We have no idea which version of Turkey’s defense will show up, but backers can at least be confident that it has the talent to be a sturdy group and it shouldn’t be overmatched by Switzerland and Wales.
While Turkey’s defense and spine look to be in decent shape, its attack has the potential to make it a bona fide sleeper. Hakan Calhanoglu (AC Milan) is more than capable of pulling the strings and he will be supported by a cast that includes Zeki Celik, Burak Yilmaz and Yusuf Yazici, all three of whom are coming to the Euros on the heels of winning Ligue 1 with upstart Lille.
Just like with any longshot in this tournament, Turkey lacks some depth and has a couple of weak spots, but I’d also argue that the Crescent-Stars have the strongest starting XI of any team in the mid-tier and have the upside you need from an outsider.
In addition to the talent on the roster, Turkey also has a decent path to the quarterfinals if it can manage to finish second (or first) in Group A. If it finishes as runner-up, Turkey’s likeliest opponent in the Round of 16 would be Denmark and a possible showdown with the Netherlands awaiting in the quarterfinals.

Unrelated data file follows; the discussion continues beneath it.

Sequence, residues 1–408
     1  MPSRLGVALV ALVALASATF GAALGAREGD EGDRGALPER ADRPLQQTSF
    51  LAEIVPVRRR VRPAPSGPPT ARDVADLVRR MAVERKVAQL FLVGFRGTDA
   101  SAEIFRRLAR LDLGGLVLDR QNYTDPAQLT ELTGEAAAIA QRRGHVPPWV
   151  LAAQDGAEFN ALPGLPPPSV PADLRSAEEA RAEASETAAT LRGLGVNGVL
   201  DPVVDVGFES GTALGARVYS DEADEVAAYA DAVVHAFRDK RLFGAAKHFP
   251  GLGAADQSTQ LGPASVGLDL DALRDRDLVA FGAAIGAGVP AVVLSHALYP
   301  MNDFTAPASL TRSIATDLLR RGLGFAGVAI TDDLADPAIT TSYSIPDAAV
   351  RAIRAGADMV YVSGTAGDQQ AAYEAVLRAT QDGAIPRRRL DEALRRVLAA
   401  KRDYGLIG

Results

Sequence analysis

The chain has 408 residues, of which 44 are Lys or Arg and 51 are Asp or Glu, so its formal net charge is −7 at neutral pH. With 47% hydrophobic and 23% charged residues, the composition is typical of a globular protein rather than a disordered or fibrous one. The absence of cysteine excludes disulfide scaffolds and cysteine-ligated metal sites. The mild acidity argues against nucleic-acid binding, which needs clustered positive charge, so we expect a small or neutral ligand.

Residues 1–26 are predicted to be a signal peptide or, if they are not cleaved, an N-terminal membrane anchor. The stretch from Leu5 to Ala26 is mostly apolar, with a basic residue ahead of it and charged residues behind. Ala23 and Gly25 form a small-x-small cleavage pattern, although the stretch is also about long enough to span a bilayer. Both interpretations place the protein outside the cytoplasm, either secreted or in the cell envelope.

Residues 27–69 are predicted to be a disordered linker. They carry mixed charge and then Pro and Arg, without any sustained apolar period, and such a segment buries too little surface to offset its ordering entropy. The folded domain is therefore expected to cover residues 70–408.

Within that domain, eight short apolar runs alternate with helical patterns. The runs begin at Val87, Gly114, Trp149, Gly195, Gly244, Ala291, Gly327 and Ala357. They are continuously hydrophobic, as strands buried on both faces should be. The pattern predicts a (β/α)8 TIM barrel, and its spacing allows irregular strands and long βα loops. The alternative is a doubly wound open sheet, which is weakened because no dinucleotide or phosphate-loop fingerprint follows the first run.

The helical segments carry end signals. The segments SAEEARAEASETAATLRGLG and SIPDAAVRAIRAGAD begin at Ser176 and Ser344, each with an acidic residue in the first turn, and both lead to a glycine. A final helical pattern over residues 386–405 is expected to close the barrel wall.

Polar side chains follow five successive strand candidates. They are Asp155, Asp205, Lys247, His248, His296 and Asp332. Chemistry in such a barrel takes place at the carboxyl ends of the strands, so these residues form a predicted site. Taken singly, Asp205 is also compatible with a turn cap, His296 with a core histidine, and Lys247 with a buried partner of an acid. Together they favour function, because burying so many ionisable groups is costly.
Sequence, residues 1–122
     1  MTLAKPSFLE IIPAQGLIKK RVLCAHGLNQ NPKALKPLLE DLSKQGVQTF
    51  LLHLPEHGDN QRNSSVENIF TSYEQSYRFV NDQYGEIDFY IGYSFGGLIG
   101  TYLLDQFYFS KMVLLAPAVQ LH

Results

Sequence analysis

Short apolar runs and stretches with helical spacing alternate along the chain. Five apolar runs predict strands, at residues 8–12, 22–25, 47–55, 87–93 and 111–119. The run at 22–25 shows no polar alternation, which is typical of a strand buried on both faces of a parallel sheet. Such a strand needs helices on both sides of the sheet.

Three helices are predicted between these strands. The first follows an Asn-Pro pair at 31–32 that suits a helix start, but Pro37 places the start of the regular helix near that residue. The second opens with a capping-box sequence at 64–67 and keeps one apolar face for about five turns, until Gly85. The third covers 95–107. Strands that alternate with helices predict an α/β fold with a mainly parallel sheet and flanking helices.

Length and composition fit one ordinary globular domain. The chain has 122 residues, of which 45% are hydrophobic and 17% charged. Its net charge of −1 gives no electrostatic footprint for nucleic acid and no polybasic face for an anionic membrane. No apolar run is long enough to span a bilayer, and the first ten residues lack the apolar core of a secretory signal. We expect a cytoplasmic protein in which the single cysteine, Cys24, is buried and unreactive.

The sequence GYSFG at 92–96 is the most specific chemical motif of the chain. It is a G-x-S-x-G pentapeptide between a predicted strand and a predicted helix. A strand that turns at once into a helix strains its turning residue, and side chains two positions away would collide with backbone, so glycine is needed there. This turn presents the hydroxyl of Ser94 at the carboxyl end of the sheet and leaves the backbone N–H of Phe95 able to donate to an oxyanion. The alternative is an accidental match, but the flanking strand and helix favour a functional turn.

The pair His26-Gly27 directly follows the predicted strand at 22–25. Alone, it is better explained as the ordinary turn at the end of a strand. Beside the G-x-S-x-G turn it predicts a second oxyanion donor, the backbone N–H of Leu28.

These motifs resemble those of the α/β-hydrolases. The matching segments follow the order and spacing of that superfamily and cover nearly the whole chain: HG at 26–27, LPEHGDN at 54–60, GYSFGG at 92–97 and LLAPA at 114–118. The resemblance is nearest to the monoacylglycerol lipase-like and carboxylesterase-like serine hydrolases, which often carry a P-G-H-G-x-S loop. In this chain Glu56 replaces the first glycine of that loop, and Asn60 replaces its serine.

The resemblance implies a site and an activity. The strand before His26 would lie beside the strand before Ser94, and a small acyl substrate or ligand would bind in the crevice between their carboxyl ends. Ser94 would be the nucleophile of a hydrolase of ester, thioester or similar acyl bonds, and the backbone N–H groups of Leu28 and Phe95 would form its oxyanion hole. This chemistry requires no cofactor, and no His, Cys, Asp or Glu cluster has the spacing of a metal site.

We’ve seen some big longshots win the Euros in the past. In 1992, Denmark won the competition only after taking Yugoslavia’s spot in the tournament because of a civil war. Twelve years later, it was The Piratiko Greek team that won Euro 2004 as 80/1 outsiders.
While most of the time these tournaments will go to the headliners, there is always at least a little bit of chaos at the Euros and I think Turkey is a great candidate to be the causers of said chaos.
One thing I will note is that Turkey’s price has come down from 80/1 to 50/1 over the past few weeks. While 50/1 is still a good price, you can possibly get a better number by waiting out its tournament-opening match against Italy. The Azzurri are -175 favorites to win that match and if they do, the Crescent-Stars’ price should get longer.
Turnkey doesn’t need to win the match against Italy to advance, so while you run the risk of losing out on 50/1 should it win or draw with the group favorite, there is a pretty good chance you can get a much better number should it lose.
Don’t Forget About Longshot Switzerland at +7000
Switzerland always seem to be in the muddled middle when it comes to the Euros or the World Cup. They feel like a sure-fire bet to make it out of the group stage, but at the same time it’s hard to get excited about its prospects of making a deep run.